Our Fragile Memory: It’s On The Tip Of My Tongue

Have you ever been writing a document, preparing a presentation or conversing with someone and you know exactly what you want to say, but you can’t think of the word?  This is not a vocabulary issue; you have used this word several times before.  You can define it quite well and even give examples of how the word is used in real life.  But you can’t come up with the word at this particular time.  It is a memory issue.

This does not mean old age is coming or this is the beginning signs of dementia.  The way our memory works, the word is known and is stored somewhere in our brain.  You haven’t forgotten the word, your brain simply cannot find where it is located at that moment.

This actually happened to me the other day.  I was flying from Minneapolis to New York and taking notes on research. I had the perfect word to use, only I couldn’t recall it.  I knew I had used it before, in fact I had used the word several times.  I was perplexed I couldn’t come up with it.  The word “rationalize” kept coming to mind, but that wasn’t it. I could define it.  It is a word that helps bring together two ideas, often opposing or at least not initially correlated.  I sat there for probably 10 minutes stirring about it.  Then I realized that in order for the word to come to me I needed to distract myself.

Sometimes we need a break from the task at hand and then return to the subject later on. That gives our brain kind of a re-start, similar to when our cell phones freeze and we need to turn it off and on.  So what are you to do if you can’t recall a specific word you want to use?

During A Conversation (Immediate Recall Required)

Just describe it and move on.  You are unlikely to recall it within 2 seconds if the recall is not immediate.  If you don’t focus on “forgetting” the word, neither will your audience.

For A Report or Email (Have Time to Think of Word)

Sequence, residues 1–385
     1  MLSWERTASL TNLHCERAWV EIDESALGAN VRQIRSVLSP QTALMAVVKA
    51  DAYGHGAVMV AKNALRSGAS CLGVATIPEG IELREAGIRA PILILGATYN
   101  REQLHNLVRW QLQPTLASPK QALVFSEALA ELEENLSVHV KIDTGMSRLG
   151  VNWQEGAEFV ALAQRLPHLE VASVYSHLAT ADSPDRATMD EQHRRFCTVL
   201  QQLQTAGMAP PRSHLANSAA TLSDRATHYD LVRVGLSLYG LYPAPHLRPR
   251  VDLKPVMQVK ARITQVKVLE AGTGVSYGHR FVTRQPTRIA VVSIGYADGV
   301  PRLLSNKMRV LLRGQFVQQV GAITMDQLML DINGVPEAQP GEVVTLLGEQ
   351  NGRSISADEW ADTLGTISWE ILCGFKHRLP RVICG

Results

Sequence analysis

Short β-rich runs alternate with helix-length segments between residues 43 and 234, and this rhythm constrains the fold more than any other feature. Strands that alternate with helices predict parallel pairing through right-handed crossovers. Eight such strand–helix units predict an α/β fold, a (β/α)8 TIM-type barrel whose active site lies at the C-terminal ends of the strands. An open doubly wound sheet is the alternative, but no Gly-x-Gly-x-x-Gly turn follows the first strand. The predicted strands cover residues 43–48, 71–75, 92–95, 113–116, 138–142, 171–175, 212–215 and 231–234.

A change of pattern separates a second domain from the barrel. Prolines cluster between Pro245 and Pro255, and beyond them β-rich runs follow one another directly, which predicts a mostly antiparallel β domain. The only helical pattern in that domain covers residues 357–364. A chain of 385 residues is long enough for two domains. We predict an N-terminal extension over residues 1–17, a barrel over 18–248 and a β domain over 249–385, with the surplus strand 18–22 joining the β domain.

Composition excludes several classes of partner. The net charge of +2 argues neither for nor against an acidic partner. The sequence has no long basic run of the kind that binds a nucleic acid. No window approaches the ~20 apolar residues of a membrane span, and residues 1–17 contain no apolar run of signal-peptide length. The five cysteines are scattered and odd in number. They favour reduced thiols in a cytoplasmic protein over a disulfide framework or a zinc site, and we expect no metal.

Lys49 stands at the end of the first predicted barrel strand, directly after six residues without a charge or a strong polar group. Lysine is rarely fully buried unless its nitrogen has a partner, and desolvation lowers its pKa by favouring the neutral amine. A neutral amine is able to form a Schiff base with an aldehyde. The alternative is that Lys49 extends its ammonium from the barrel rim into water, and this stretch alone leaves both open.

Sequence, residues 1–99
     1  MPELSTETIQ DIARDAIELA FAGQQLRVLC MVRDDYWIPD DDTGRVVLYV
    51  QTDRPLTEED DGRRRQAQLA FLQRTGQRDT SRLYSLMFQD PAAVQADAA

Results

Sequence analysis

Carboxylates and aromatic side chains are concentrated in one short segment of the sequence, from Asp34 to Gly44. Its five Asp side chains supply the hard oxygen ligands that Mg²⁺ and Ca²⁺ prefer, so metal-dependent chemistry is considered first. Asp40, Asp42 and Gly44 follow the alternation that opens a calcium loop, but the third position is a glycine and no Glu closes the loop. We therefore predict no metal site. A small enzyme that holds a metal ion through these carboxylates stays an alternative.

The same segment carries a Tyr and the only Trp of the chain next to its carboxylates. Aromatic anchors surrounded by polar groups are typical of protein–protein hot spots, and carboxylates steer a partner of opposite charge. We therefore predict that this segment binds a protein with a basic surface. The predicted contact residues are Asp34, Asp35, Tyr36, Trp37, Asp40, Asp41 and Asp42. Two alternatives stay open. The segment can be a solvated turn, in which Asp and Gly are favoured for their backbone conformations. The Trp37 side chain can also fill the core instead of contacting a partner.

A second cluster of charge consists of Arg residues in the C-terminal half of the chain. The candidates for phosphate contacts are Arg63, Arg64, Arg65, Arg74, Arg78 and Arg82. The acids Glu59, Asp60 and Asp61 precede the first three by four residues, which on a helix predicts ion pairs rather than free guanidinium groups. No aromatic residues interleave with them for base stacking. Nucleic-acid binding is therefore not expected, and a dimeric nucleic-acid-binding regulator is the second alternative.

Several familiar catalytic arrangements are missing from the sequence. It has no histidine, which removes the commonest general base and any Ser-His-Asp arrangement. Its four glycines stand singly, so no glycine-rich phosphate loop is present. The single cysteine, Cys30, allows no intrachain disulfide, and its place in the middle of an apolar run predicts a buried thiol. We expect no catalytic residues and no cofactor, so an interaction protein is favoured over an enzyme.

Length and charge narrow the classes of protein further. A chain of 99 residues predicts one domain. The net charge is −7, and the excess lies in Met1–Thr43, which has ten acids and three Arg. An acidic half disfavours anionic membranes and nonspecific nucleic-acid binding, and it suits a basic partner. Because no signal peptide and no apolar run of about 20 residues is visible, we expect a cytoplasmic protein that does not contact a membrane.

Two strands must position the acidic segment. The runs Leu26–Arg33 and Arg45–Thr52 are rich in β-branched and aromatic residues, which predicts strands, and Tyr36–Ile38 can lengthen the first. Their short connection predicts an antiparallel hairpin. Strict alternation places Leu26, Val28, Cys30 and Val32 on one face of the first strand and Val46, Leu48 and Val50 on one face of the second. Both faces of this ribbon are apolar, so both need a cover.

Distance yourself from the topic.  Think about something totally unrelated or don’t think at all.  This sounds counterintuitive, but it works.  By taking a break from the specific thought you allow the brain to do other things, but our subconscious is still searching for that word.  That is why oftentimes we will remember something totally out of the blue, because our subconscious was working behind the scenes to find it.  We didn’t realize that because it is a subconscious process (occurs without our awareness).

Back to my story.  I took my own advice (which I don’t always do), left the topic and thought about something else.  A few minutes later I returned.  Still nothing.  So I thought of something else.  Within 10 minutes the word magically popped into my mind.  The word was “reconcile”.

The best thing to do for a word you have forgotten, but believe you will use in the future, is to repeat it over and over. Write it down on a sticky note on your desk where you will see it.  The picture below is of my forgotten word on my white board.

As you repeat it and see it over time, the word will be more easily recalled in the future.  The chance of that word being on the tip of your tongue in the future will be lessened.  Now if we could only do that with every word in the dictionary!